Alcohol. In one study, individuals who consumed a minimal to moderate volume of alcohol (less than one drink a day) demonstrated a lower prevalence of cortical cataracts vs. people who did not drink at all.10-12 However, heavy alcohol consumption (four or more drinks a day) was associated with a higher incidence of nuclear cataracts. Excessive alcohol use often induces posterior subcapsular cataract changes, which are similar to cataracts associated with dehydration and pathological diarrhea.13

Subjective Findings and Age Expectations of Cataract Development
Type of Cataract  Approximate Age of Onset Subjective Symptoms
Nuclear sclerotic


Myopic shift (rule out diabetes).

Generalized, symmetric or

asymmetric reduction in

appreciable vision and acuity.

Loss of color appreciation for blue/yellow.

Cortical 50+ Increased glare (light scatter).

Monocular diplopia.

Posterior subcapsular 40+ 

Increased glare (light scatter).

Monocular diplopia.

Decreased visual acuity.

Near vision is better than distance vision due to visual axis impingement.

Diagnostic Tests

To determine the subjective effect of cataracts on visual function and quality of life, start with a thorough history. Also, address the patients medical concerns, explain his or her treatment and/or alternative care options, and administer a visual function survey or questionnaire. Any problems determined in the history will ultimately reveal the etiology of the cataract, suitability and prognosis of a surgical procedure.

Note all medications the patient is taking. He or she may not be aware of a specific drugs ocular side effects. Some medications, such as ibuprofen, may cause cataracts to form or progress. (See Identify the Ocular Side Effects of Systemic Medications, January 2008.)

A subjective take-home or in-office questionnaire is generally the best assessment to determine if visual dysfunction is affecting the patients life, potentially endangering the patient or others. It may also help determine the appropriate time for surgical intervention.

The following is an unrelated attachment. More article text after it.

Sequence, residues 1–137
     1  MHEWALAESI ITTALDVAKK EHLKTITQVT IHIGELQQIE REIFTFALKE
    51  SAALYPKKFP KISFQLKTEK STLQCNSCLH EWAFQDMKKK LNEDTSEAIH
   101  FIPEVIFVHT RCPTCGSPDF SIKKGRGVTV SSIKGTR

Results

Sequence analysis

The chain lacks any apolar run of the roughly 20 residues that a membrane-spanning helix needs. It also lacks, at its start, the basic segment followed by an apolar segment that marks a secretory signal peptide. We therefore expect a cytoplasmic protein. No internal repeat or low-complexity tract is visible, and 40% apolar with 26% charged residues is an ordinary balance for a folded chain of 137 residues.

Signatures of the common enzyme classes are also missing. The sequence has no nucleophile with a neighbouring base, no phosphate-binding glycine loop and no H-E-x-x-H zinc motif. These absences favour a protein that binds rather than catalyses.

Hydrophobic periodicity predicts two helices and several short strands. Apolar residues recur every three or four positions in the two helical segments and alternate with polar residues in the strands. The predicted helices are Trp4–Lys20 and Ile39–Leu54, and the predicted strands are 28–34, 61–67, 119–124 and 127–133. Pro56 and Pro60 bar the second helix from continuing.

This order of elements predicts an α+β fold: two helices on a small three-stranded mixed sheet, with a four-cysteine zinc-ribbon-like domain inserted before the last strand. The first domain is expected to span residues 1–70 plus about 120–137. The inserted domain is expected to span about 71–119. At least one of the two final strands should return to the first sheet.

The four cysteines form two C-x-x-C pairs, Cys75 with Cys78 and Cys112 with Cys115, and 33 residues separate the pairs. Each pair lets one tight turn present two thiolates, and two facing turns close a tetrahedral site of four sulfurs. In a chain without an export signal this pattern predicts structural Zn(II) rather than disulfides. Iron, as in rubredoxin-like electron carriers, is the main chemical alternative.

Once the subjective visual function examination is complete, you must perform a series of standardized objective tests to determine if the patient should undergo cataract surgery.14 These tests reveal the  level of visual function and ocular health, help rule out any coexisting ophthalmic diseases, and establish a basis to measure surgical outcomes.

The basic examination includes:

Measurement of visual acuity under both low and high illumination. You may include contrast sensitivity functions and acuity testing in contrast methods using logMAR charts or glare reduction methods.

Visual acuity is the single most important component of overall visual function. The patients visual acuity level will generally influence the decision to proceed with cataract surgery. We generally proceed with surgery when a patients vision is between 20/40 and 20/50, or worse. Yet, either the patient or his or her guardian/custodian must make the final decision for surgery.

Corneal evaluation. Several corneal tests are highly recommended to uncover any potential postoperative pathological
concerns. Pachymetry should be performed to determine corneal thickness, which may be predictive of postoperative corneal edema.

Also, specular endothelial photography reveals endothelial cell morphology. As the cornea ages, the integrity of the endothelium is compromised, as evidenced by increased polymegathism and pleomorphism. The normal endothelium has an average cell count of 2,200 to 2,400 vs. abnormal endothelium, which has a low cell count of 1,200 to 1,500; the latter would be suspect for postoperative concerns.

Corneal endothelial compromise can be observed in many instances after a prolonged surgical time, or if there is a pre-existing corneal dystrophy or degeneration. Additionally, corneal edema can readily occur with an associated pressure spike due to residual viscoelastic agents, and is easily treated with a  short term anti-glaucoma agent, such as Alphagan P(brimonidine tartrate, Allergan).

Corneal topography assists in determining whether the patient has either lenticular or corneal astigmatism. Topography also reveals
subclinical corneal anomalies that may not be obvious to a patient with reduced vision, but may create more visible distortions and aberrations once the new implant is in place. Topography can assess lid position pre- and postoperatively, and can document lid anomalies, such as severe age-related ptosis.

Neuro-ophthalmic status. You may want to examine the neuro-ophthalmic status of the patients eyes to check for a differential lenticular interference vs. true coexisting ophthalmic disease. Your assessment should measure pupil function, color vision and threshold visual fields.

Biomicroscopy with pupillary dilation. This allows you to accurately assess the type and formation of the lenticular opacity and grade it based on the Lens Opacities Classification System (LOCS) or Oxford Clinical Cataract Classification and Grading System standardization.